After another game of Russian roulette, Egypt has wisely decided that its bright idea to raise the price of tourist visas by more than 140% should be shelved. At least until July…
Egyptian Prime Minister Sherif Ismail announced that plans to raise the price of tourists visas from $25 to $60 on March 01, 2017 would be postponed until July. The tone of the announcement suggested that the delay could be indefinite.
Many in Egypt depend upon tourism for survival and with a weak Egyptian Pound, the biggest selling point of a trip to Egypt these days is that it is cheap, cheap, cheap. Sure, the pyramids and luxurious resorts are a big draw, but for Europeans and Americans there are far closer options for warm weather and beaches. What sets Egypt apart now is that it represents one of the best values in the world for leisure travel.
Why Even This Increase is Too Much
Sure, you can argue that an extra $35 per-person won’t destroy this value, but keep in mind that notably increases the price of a trip. Why? Well look at prices.
Want to stay at one of the Starwood properties in Sharm El Sheikh this evening?
Yeah, that’s not a mistake price. And no hidden resort fees either–
Thus you can see that a $35 increase is actually huge if you are on a shoestring budget and had not factored this in. The fact that it was announced just days prior to its proposed implementation was a foolhardy move that makes Egypt a far less desirable place to visit.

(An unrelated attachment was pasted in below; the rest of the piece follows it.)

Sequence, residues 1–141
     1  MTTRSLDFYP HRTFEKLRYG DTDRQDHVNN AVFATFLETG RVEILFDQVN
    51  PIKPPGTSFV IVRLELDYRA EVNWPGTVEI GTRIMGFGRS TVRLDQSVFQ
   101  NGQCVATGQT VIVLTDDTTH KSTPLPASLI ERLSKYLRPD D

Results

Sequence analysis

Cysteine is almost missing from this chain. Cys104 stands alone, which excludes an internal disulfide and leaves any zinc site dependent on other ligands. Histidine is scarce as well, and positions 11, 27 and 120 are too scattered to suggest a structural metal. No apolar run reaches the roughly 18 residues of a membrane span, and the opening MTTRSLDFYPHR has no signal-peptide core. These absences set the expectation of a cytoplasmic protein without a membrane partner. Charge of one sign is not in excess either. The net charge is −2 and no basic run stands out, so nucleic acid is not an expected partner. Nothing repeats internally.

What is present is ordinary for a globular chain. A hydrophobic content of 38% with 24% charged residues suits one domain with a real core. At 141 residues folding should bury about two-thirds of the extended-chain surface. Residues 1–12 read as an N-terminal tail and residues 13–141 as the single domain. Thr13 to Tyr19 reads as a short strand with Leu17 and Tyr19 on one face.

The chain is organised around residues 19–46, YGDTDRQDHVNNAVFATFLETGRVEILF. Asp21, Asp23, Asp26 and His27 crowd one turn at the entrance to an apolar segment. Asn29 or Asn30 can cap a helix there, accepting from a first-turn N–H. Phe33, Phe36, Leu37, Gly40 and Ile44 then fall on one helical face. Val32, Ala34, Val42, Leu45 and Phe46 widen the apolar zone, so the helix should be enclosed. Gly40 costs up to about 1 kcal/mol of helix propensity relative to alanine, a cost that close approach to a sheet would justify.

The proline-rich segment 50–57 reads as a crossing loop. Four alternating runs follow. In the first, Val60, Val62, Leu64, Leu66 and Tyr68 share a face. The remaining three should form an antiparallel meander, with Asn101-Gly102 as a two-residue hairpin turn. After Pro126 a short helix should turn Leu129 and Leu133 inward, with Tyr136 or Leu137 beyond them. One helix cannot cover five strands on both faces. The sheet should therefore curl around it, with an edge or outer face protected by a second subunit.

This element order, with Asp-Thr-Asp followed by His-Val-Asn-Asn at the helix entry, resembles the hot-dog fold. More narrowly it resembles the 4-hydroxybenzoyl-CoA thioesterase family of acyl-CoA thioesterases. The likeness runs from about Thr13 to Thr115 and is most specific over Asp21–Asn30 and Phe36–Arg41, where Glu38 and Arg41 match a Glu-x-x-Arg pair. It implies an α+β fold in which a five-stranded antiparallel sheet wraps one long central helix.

I wrote about my pleasant flights on EgyptAir and loved my actual vacation in Cairo in 2009. I’m eyeing a return this summer with my wife and son–that should give you an idea of whether I am concerned about safety in Egypt.
> Read More: Is EgyptAir Safe?
But I say this in all seriousness — if the visa goes from $25 p/p to $60 p/p — in other words, I have to shell out an extra $105 just for the pleasure of having an Egyptian stamp in my passport — I will not go. There’s my line in the sand!
Let’s hope that Egypt permanently scraps its ridiculous plan to more than double its tourist visa fee. It is a shortsighted move that will alienate domestic businesses, foreigner visitors, and eventually backfire. It’s like the water company penalizing you for using too much water but also penalizing you for using too little water. Egyptian travel agencies should not be penalized for government policies that have arguably led to a drop in tourism to one of the most fascinating countries in the world…